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Fargo, ND Hotel Earle Fire, Dec 1951

Hotel Remains Front Street Hotel On Corner

200 GUESTS FLEE FARGO HOTEL FIRE; 1 WOMAN DEAD.

BULLETIN
Fargo, N. D. (AP) -- One person has perished and reports indicate at least two others are missing in a fire which swept the Earle hotel here this morning. Some 200 guests were driven into 13-degrees below zero weather.
The victim was identified as MRS. J. H. (HANK) SAMPSON. Her body was identified by HENRY WANGERUD, a former policeman who knew her. Her husband is a well-known wrestling matchmaker in the Fargo area.
The missing include W. S. HOOPER, 79, former Fargo postmaster and father of SIDNEY W. HOOPER, managing editor of the Fargo Forum, and MRS. KATHERINE MORTON, a retired crippled school teacher.

Fargo, N. D. (AP) -- Firemen fought unsuccessfully to enter the 135-room Earle hotel here today, three hours after fire gutted the interior and drove some 200 guests into 13-degree below weather.
One fireman was overcome and a crippled retired school teacher was missing, although it is believed she escaped.
First reports indicated only two persons were injured not seriously.
Hotel Manager A. M. MERRITT said a rough estimate would place loss of hotel fixtures at more than $125,000.
Firemen said they believed everyone had been removed from the building but they could not be certain because the flames spread so rapidly.
The missing guest, confined to her room most of the time because of her condition, was identified as MRS. KATHERINE MORTON, about 85.
Being treated for burns at St. John's hospital are MR. and MRS. MARVIN WANGERIN, Garfield, Minn.
The overcome fireman was treated in the YWCA lobby. He was not believed seriously injured.
Another guest included MR. W. S. HOOPER, about 82, retired Fargo postmaster and father of SIDNEY W. HOOPER, managing editor of the Fargo Forum.
The blaze broke out about 7 a.m. All Fargo fire units were called. Unites from Moorhead, Minn., across the river, aided when the fire seemed out of control.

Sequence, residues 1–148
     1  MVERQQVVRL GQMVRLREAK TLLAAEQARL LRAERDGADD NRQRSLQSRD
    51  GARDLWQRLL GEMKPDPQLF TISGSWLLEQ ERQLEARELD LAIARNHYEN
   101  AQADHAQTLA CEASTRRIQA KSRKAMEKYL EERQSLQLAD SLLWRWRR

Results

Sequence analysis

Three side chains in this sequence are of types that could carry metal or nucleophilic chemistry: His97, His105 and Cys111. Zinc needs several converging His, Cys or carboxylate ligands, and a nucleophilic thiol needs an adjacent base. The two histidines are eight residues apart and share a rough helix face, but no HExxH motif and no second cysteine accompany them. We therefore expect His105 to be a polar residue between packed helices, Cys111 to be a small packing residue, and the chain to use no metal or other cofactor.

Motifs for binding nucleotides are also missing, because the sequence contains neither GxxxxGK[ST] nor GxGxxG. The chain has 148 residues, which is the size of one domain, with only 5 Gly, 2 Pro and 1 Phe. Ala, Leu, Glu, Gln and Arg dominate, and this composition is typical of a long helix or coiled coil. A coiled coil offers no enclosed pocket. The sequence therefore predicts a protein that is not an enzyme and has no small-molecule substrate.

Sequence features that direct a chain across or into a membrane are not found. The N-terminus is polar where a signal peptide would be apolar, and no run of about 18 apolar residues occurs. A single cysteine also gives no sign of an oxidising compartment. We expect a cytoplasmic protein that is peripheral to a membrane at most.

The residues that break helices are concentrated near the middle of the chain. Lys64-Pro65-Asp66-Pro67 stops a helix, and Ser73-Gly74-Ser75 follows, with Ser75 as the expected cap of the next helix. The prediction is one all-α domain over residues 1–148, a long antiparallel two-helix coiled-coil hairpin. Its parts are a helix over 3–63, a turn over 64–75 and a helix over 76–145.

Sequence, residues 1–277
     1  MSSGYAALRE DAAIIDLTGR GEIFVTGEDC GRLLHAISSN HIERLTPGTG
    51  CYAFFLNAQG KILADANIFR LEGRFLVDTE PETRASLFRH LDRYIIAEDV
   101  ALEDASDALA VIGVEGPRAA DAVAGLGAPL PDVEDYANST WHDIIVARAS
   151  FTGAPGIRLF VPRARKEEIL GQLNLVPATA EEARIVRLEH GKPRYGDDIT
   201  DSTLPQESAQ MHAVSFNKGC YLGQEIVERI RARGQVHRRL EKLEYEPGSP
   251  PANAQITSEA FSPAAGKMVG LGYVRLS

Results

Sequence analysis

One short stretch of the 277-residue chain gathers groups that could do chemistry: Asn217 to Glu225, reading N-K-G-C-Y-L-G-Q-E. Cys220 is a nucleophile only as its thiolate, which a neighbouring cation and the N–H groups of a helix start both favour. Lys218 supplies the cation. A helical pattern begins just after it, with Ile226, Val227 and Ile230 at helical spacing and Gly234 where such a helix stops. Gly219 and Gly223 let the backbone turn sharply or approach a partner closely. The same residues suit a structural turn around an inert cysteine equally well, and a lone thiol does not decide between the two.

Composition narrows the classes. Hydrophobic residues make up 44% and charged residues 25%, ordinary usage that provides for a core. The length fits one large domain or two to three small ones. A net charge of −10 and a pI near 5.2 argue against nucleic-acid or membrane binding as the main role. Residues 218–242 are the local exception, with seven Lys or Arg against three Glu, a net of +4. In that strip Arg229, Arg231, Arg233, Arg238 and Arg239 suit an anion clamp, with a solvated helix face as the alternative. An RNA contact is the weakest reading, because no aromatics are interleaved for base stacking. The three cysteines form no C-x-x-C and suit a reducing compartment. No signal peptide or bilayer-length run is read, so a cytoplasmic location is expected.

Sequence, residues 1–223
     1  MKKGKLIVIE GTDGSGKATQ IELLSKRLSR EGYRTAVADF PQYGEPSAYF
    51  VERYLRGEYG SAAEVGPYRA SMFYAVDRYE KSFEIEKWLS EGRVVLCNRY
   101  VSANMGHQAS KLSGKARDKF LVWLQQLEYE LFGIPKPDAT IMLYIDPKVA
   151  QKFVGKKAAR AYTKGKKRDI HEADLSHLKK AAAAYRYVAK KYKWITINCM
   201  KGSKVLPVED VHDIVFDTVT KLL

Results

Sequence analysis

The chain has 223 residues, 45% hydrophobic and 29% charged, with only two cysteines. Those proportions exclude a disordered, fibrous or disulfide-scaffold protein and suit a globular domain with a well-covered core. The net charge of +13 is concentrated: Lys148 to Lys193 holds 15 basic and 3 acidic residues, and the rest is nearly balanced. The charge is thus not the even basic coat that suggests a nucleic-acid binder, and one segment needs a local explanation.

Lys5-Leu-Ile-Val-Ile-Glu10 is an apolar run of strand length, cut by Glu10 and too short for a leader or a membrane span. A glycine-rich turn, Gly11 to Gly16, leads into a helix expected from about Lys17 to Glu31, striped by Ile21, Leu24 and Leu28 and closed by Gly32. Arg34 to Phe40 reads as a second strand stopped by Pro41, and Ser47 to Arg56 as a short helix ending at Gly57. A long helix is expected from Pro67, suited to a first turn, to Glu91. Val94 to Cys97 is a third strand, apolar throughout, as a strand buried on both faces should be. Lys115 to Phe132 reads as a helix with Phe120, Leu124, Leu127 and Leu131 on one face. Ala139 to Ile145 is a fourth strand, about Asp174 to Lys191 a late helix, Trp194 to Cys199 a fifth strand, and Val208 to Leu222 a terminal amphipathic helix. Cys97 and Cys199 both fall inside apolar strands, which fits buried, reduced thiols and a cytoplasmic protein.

Firemen were handicapped in their efforts to restrict the blaze. Water spewed from six or eight fire trucks froze almost as soon as it fell, converting the old city landmark into an ice palace.
JOHN ERICKSON, night elevator operator at the hotel, said he believed the fire started in Room 330, occupied by the missing school teacher.
"I was off duty and in the lobby when the alarm sounded," ERICKSON said. "The first thing I thought about was the woman in 330. She was crippled and I knew it."
ERICKSON said he dashed up to the third floor, but could not reach the room because of smoke and fire in the hall.
HERMAN SCHULENBERG, assistant fire chief, said the flames were shooting from four windows on the third floor, on the north side above the Waldorf tavern, when the firemen arrived.
The flames spread quickly to the top of the five-story structure. Clouds of smoke billowed out of ice-covered windows. A hail of mist, caused by the fire hoses, filtered down over a wide area.
Most of the guests were forced into the searing cold weather in pajamas and night shirts. Few escaped with more than the clothes on their backs.
Many of the guests were cared for in the Northern Pacific railroad station across the street from the hotel, on Front street in downtown Fargo.
The hotel, more familiarly known as the Old Waldorf, also housed six business firms.

The Brainerd Daily Dispatch Minnesota 1951-12-13



article | by Dr. Radut